The USDA Food and Nutrition Services (FNS) provides aid to food insecure households through 15 national programs. Of those, only one program mandates a “prohibition on dual participation.” The Food Distribution Program on Indian Reservations (FDPIR) is the only program that serves as a substitute rather than a supplement to the Supplemental Nutrition Assistance Program (SNAP). FDPIR is also the only program exclusive to American Indian and Alaskan Natives (AIAN) on or near reservations, yet research shows that AIAN suffer twice the rate of food insecurity with half the average allotment of food benefits. Public Law 93-638, the Indian Self-Determination and Education Assistance Act, grants Tribal Nations the autonomy to operate and administer Federal funding to their tribal communities. In the 2018 Farm Bill, the USDA authorized its first 638 demonstration project for Indian Tribal Organizations (ITOs) that administer FDPIR. The first round of funding expires in 2024 and the second round of solicitations culminated in January of 2023 with a projected start date for Summer 2023. This project seeks to identify how FDPIR 638 meets 2018 Farm Bill priorities through tribal procurement preferences. By analyzing the seven sites selected for the first round of funding, we can compare the purchasing habits of ITOs when granted self-sufficiency of commodity procurement. The main objective of this research is to identify potential impacts to rural economies through localized purchasing power. This research will conduct spatial analysis, program evaluation, and case studies through a mixed methods approach.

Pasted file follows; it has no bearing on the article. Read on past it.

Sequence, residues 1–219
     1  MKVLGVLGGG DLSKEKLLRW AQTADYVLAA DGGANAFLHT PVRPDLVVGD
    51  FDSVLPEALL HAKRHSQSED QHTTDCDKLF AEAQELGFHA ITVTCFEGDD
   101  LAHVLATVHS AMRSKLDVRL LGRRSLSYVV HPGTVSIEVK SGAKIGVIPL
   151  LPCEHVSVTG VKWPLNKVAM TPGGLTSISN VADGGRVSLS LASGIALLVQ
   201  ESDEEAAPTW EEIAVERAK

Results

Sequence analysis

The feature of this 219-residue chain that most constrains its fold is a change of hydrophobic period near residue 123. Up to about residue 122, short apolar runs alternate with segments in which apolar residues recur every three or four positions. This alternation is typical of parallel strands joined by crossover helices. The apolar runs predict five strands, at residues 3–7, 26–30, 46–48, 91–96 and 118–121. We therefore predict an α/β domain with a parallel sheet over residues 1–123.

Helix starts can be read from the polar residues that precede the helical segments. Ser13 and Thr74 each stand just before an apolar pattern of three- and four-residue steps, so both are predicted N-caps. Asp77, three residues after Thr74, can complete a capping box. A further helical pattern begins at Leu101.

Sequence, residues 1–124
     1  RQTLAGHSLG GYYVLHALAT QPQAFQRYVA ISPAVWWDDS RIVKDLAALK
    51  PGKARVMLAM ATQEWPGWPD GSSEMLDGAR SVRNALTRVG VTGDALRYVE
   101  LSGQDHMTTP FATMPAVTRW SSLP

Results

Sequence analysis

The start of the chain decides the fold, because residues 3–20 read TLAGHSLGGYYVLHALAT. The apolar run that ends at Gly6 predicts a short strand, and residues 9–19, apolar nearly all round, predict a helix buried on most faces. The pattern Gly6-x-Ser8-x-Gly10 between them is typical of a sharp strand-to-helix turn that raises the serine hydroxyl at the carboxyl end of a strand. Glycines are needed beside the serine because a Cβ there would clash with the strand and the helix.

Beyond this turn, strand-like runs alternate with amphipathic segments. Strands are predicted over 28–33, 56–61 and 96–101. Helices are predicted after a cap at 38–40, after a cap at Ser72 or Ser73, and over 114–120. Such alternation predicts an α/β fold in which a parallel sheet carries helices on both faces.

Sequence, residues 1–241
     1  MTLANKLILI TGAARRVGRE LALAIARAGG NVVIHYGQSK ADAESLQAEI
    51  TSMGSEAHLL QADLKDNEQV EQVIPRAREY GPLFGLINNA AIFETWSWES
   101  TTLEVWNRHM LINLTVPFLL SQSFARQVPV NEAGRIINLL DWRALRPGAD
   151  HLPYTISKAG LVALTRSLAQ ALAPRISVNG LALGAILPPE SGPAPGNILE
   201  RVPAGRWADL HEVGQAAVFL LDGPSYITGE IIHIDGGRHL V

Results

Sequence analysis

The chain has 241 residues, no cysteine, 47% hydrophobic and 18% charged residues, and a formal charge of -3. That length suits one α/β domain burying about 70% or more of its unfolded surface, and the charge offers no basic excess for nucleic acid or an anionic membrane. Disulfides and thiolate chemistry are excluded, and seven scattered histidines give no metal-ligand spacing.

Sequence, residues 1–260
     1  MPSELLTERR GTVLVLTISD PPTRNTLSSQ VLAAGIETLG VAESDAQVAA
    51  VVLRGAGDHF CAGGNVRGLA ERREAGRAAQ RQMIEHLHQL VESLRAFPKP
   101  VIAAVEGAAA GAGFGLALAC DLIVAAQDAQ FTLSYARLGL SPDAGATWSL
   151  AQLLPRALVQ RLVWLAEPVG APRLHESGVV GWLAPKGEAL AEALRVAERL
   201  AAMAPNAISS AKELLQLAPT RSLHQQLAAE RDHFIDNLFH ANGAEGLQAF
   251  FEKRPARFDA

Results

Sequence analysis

Advisor: Jay Johnson
Carebots Don’t Care: An Ethical Analysis Of Socially Assistive Robots In Kansas’ Elderly Care Industry